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1. Neaton, J. B. & Rabe, K. M. Appl. Phys. Lett. 82, 1586–1588 (2003).
2. Lee, H. N., Christen, H. M., Chisholm, M. F., Rouleau, C. M. &
Lowndes, D. H. Nature 433, 395–399 (2005).
3. Ahn, C. H., Rabe, K. M. & Triscone, J. M. Science 303, 488–491
4. Bednorz, J. G. & Müller, K. A. Z. Phys. B 64, 189–197 (1986).
5. Kawazaki, M. et al. Science 226, 1540–1542 (1994).
6. Koster, G. et al. Appl. Phys. Lett. 73, 2920–2921 (1998).
7. Rijnders, G., Blank, D. H. A., Choi, J. & Eom, C. B. Appl. Phys.
Lett. 84, 505–507 (2004).
8. Lee, H. N. et al. Appl. Phys. Lett. 84, 4107–4109 (2004).
9. Norton, D. P. et al. Science 265, 2074–2077 (1994).
10. Tsurumi, T. et al. Appl. Phys. Lett. 85, 5016–5018 (2004).
11. Warusawithama, M. P. et al. Phys. Rev. Lett. 90, 36802 (2003).
Paradise sustained
Shahid Naeem and Andrew C. Baker
Biodiversity stabilizes ecosystem functioning in small-scale, short-term
experiments, but do such findings scale up to the larger world? A global
study of fossil reefs from the past 500 million years suggests they do.
watershed ecosystem that produces a
steady volume of water may be more
valuable than one that unpredictably
alternates between flood and drought. A
coastal ecosystem that provides a regular but
modest supply of fish serves a community
better than one that booms then busts. In
most cases, then, the absolute magnitudes of
ecosystem functions — such as the production of potable water and nutritious food —
may matter little if they are unsustainable.
Over the past decade, some of the most
intense research ever conducted in ecology
has examined how the magnitudes and
sustainability of ecosystem functions are
governed by biodiversity, and whether a loss
of biodiversity is a major cause of ecosystems
becoming less productive and less stable1–4.In
this debate, the ‘ayes’, who advocate a strong
role for biodiversity in governing ecosystem
function, point to the congruency of findings
from the full triad of scientific methods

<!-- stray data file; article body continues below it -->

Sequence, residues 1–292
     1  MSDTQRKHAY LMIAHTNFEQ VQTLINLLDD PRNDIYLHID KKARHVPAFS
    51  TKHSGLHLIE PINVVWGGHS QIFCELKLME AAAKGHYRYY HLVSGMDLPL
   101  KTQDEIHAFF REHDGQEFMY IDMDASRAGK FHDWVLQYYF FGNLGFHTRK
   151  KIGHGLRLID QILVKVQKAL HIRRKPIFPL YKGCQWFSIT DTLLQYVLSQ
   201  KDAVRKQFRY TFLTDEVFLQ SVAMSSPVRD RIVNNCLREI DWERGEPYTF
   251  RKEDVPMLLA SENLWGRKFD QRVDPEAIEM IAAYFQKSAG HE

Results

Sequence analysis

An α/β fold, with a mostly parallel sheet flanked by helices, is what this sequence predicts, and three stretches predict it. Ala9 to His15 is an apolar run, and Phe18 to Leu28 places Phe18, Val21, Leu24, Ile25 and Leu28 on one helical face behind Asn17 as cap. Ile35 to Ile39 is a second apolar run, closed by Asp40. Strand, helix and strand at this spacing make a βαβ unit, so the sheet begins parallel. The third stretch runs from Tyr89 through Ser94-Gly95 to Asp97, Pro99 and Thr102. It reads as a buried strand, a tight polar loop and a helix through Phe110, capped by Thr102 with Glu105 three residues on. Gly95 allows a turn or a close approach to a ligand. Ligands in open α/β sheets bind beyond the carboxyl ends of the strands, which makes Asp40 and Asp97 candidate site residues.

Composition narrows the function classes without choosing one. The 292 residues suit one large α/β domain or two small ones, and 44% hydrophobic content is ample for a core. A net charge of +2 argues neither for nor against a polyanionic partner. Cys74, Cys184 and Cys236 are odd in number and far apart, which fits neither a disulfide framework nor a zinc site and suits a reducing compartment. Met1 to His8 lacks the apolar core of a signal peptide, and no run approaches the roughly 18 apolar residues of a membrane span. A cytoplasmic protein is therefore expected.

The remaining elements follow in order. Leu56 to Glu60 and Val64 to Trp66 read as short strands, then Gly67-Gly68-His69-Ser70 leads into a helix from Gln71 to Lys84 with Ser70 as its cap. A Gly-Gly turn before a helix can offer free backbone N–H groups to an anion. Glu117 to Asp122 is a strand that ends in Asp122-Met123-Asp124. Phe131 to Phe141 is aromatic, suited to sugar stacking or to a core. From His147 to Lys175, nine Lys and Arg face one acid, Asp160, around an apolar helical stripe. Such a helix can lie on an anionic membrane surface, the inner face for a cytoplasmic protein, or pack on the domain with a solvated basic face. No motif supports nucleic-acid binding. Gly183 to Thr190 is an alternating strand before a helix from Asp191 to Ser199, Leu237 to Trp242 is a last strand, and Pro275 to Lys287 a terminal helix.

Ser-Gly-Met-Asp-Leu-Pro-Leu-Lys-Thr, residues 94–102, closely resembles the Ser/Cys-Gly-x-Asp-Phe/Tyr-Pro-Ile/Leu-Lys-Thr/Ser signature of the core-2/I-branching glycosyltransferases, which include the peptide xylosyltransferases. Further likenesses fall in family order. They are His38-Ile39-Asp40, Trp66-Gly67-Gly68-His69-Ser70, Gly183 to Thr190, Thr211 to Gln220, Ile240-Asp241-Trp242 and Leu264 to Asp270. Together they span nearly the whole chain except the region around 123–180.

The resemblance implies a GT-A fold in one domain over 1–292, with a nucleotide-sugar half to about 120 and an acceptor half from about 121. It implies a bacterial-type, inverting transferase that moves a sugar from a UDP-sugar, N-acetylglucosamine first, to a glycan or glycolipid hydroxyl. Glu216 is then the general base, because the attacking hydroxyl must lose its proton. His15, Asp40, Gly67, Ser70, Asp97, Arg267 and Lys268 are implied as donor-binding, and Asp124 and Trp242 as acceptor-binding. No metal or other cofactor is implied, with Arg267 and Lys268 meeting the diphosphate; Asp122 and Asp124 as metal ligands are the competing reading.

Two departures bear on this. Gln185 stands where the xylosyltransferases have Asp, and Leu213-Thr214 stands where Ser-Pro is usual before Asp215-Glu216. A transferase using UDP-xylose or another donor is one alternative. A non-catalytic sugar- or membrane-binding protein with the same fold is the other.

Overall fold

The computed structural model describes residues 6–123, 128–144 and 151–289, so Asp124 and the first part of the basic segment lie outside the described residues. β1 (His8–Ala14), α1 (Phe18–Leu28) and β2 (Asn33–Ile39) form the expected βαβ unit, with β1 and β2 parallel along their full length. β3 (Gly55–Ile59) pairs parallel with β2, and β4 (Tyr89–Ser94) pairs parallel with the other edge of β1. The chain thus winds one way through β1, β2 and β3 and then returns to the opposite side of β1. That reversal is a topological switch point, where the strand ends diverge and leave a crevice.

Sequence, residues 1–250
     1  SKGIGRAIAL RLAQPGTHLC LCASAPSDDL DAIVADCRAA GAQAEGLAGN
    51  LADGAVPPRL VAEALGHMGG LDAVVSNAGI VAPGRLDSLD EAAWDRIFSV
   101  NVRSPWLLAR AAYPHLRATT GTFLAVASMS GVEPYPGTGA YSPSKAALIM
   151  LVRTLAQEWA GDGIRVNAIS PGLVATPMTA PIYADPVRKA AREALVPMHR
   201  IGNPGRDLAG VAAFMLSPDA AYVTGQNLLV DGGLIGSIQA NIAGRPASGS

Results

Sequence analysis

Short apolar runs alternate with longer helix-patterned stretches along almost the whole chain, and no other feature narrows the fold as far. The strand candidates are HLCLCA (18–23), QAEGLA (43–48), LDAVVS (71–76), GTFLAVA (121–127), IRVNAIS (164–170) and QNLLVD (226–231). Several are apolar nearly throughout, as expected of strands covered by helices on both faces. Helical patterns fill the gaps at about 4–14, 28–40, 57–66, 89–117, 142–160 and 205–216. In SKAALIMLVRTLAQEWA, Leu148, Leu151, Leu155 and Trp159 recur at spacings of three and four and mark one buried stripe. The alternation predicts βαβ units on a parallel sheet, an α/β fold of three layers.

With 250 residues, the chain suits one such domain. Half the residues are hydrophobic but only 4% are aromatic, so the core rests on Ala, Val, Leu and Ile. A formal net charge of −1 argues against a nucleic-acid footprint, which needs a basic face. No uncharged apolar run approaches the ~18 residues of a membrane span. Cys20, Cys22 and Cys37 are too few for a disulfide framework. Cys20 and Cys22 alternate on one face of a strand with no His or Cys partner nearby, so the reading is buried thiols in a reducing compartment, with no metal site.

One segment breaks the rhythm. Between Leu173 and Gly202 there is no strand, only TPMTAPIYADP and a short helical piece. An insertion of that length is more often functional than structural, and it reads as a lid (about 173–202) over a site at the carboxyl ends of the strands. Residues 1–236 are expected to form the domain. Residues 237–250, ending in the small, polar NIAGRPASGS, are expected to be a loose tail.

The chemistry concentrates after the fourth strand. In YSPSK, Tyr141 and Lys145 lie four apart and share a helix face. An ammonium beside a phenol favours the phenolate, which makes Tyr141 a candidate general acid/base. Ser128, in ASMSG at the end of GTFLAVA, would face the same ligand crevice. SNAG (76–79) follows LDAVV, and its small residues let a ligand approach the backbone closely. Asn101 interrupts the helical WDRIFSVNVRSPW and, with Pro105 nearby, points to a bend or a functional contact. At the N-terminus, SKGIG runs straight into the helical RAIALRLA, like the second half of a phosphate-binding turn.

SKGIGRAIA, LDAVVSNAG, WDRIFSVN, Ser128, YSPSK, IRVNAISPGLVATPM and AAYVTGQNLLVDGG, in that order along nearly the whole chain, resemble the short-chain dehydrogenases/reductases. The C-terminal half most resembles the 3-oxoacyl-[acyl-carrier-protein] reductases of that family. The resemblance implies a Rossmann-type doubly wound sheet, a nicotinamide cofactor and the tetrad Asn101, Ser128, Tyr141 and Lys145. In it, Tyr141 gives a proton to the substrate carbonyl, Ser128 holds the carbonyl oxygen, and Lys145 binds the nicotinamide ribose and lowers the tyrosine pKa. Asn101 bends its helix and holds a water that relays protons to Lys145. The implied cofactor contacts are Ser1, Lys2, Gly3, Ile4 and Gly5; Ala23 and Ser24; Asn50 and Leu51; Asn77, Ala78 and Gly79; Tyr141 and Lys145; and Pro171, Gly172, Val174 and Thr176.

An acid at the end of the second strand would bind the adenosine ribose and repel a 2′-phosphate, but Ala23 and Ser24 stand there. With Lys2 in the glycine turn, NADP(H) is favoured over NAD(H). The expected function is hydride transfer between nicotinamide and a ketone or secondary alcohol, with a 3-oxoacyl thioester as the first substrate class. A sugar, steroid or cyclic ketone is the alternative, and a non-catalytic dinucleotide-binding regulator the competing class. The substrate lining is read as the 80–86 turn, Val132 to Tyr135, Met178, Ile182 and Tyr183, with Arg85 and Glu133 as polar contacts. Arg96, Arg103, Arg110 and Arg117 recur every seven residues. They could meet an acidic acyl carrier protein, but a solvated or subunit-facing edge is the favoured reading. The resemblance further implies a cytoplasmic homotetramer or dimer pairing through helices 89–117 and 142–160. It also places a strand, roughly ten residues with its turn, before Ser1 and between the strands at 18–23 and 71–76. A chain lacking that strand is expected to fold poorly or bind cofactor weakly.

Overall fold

(theory, observation and experiment). The
nay-sayers find the evidence flimsy — weak
effects derived from studies too small and too
short-lived to be convincing.
On page 410 of this issue, Kiessling5
provides evidence that may sway some naysayers — but there’s a catch. Making use of
an extensive palaeoecological database on
thousands of reefs, spanning some 500 million years, Kiessling tested whether the local
species richness of reef-builders on a given
reef (and, by extension, the diversity of the
entire community) could predict ecological
change on these reefs.Using reef type,density,
architecture and construction style as proxies
for reef ecology, Kiessling found that higherthan-average species diversity in one time
interval led to lower-than-average changes
in reef ecology in the next. In other words,
biodiversity may indeed govern sustainability. The catch is that this epoch-spanning
data set cannot detect fluctuations in reef
ecology of less than a few million years,
which may disappoint some ecologists and
ecosystems biologists following the debate.
For the ayes, the good news is that the
positive biodiversity–stability relationship
Figure 1 Building regulation — a Lego version
of the superlattice structure shown in Fig. 1d
(page 396)2. The base constitutes the substrate,
including the SrRuO3 electrode, and the Lego
wall is made of layers of three different bricks:
SrTiO3 (red), BaTiO3 (yellow) and CaTiO3 (blue).
Lee et al.2 demonstrate that an artificial material
with favourable ferroelectric properties can be
constructed by using these three perovskite
building blocks.
the structure, which is caused by differences
between the lattice parameters of the layers.
This effect influences the properties of the
layers and the structure as a whole, and Lee et
al. have exploited this phenomenon to
increase the ferroelectric polarization of
their material. The epitaxial strain decreases
the in-plane lattice parameters of the BaTiO3
layers, producing an increase in the ferroelectric polarization.
Lee and colleagues’ ferroelectric superlattice is impressive, because it shows that
such structures can be built with atomic
precision and possess properties that surpass
those of the individual building blocks. It
also underlines the potential of designing
artificial superlattices with unique properties. For example, most ferromagnetic